appropriations

Either Worth the Moment, or Not

A portion of the U.S. Capitol dome. (Detail of photo by Win McNamee/Getty Images, 2013)

This could be . . . fun? . . . interesting? More to the point, it seems one of those bits that is either important or not:

President Donald Trump smiles as he prepares to speak at his "Make America Great Again Rally" at Orlando-Melbourne International Airport in Melbourne, Florida, Saturday, 18 February 2017. (AP Photo/Susan Walsh)The White House hopes the Senate will get spending bills done and curtail the nominations backlog before the August recess, but it is backing a call to cut down the break if needed to overcome delays in confirming President Donald Trump’s nominations.

Marc Short, the White House legislative affairs director, made that clear during an event on Capitol Hill Tuesday with conservative leaders, putting the onus on Democrats to move the process along.

“If we reach August and [they] still have not completed appropriations work or not confirmed our nominees, then of course we would like to see Congress stay in and do its work,” Short said.

“We think it’s not work for the administration,” Short said. “It’s work for the American people.”

(Lesniewski)

Some manner of chortle goes here, but everything will either make better sense, later, or else not really matter at all. It’s like a punch line waiting for a setup.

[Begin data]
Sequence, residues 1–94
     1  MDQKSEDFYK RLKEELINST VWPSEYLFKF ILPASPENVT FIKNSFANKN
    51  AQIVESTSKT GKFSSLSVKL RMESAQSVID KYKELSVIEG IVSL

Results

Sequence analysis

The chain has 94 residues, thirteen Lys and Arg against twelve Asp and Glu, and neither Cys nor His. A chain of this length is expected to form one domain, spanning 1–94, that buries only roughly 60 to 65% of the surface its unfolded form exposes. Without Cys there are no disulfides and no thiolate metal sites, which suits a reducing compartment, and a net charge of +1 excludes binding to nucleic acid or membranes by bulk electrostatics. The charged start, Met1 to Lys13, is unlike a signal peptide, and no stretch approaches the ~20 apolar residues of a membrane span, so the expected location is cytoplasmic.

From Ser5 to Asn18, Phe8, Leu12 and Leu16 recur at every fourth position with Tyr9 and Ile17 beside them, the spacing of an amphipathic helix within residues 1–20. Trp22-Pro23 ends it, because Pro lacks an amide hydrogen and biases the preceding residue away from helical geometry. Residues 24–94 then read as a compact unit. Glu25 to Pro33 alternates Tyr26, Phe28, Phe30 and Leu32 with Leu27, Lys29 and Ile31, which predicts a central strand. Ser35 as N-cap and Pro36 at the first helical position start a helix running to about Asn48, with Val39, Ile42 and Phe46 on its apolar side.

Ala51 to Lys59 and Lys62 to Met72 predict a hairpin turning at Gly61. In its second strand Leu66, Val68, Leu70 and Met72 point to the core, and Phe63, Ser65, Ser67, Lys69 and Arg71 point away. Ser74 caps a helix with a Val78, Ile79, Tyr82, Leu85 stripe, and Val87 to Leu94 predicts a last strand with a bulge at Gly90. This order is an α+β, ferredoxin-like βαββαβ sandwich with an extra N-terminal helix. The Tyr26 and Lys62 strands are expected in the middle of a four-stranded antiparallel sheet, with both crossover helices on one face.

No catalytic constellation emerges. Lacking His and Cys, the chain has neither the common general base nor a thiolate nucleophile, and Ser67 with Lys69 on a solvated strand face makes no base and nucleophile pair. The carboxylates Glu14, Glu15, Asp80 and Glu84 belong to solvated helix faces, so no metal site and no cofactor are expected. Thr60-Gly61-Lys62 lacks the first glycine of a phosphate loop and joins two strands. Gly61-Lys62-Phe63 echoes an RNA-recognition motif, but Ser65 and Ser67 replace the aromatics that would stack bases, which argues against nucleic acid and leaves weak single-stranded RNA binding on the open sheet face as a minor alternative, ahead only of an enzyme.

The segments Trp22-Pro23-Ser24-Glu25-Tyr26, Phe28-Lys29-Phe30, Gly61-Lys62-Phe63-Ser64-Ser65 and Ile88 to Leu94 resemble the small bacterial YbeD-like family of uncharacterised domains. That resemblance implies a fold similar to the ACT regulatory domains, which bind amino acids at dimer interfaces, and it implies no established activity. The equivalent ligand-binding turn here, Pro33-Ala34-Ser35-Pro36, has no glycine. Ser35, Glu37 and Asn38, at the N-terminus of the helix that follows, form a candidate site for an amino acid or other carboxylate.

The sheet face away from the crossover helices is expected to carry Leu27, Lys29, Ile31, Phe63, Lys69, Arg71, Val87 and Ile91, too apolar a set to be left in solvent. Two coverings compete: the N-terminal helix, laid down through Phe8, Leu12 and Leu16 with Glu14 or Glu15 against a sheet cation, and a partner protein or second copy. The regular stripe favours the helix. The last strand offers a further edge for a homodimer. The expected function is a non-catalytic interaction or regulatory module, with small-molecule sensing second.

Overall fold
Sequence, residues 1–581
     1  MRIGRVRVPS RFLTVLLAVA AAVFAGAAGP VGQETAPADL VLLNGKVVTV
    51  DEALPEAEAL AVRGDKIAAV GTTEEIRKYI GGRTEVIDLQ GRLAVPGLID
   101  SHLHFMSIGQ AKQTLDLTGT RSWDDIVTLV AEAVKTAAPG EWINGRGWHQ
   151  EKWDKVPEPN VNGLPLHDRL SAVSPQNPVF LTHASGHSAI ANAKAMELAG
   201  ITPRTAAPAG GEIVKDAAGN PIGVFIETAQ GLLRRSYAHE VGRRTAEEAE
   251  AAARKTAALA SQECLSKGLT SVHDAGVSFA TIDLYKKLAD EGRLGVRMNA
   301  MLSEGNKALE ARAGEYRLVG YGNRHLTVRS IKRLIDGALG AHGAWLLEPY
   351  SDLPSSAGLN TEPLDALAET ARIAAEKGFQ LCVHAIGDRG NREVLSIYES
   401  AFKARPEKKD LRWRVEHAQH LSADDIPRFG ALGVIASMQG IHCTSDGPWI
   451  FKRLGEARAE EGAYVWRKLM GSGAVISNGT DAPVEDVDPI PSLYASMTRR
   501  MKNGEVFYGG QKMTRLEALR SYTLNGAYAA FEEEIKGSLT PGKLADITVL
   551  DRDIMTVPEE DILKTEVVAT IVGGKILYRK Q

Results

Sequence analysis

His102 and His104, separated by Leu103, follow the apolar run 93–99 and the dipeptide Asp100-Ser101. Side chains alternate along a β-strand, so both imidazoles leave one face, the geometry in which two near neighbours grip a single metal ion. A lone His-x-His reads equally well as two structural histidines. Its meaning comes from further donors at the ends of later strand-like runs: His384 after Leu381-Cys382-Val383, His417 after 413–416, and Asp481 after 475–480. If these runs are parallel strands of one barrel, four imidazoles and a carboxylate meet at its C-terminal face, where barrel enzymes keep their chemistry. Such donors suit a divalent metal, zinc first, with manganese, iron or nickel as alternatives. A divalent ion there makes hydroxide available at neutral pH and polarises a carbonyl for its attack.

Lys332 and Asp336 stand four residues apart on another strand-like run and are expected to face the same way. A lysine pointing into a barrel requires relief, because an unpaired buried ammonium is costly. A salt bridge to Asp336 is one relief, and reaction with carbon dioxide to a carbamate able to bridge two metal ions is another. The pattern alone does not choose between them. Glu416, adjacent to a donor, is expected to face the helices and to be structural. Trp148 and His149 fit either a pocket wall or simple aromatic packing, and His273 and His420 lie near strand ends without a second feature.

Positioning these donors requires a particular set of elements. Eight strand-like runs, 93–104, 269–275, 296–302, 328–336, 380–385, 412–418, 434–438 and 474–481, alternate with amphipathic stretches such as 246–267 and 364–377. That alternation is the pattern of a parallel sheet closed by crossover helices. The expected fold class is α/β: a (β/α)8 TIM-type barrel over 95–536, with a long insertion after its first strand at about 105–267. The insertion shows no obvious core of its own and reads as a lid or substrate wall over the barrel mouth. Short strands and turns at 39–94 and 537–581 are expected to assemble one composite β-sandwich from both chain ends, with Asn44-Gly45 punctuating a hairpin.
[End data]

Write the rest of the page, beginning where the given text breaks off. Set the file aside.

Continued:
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Image note: Top — Detail of photo by Win McNamee/Getty Images.  President Donald Trump. (Photo by Susan Walsh/AP Photo)

Lesniewski, Niels. “White House: No August Recess Until Appropriations, Nominations Done”. Roll Call. 8 May 2018.

The Beltway Buzz (Season of Despair)

A coffee cup at Terra Vista. Detail of photo by B. D. Hilling, 2013.

Two paragraphs from Shawn Zeller of Roll Call would seem to beg a particular question:

Republican aides are growing increasingly despondent about their party’s prospects in the 2016 presidential election, according to CQ Roll Call’s most recent Capitol Insiders Survey.

A majority of the GOP staffers who responded to the April survey now expect either Donald Trump or Texas Sen. Ted Cruz to win the party’s nomination and nearly half of them―a solid plurality―think the Republican nominee will lose.

That is to say: A plurality? What do you mean “nearly half”? Who the hell are the rest, and what the hell are they thinking?

Taking the White House: "The next president will be …".  Results based on CQ Roll Call Capitol Insiders Survey, 19-26 April.  (Image: Randy Leonard/CQ Roll Call)The answer is actually pretty straightforward: Denial.

Say what we will about the thirty-one percent of GOP respondents to the CQ Roll Call Capitol Insiders Survey who actually think a Republican candidate will win; between those who so loathe Hillary Clinton as to not see straight, those who hope the Party will find another nominee somewhere, and those who for whatever reason really believe Donald Trump or Ted Cruz can win the election, sure, I can believe thirty-one percent.

The forty-nine percent of GOP respondents who said a Democrat will be the next president would seem to be the realists.

That nineteen percent opting for, “I don’t know”, however, is simply in denial.

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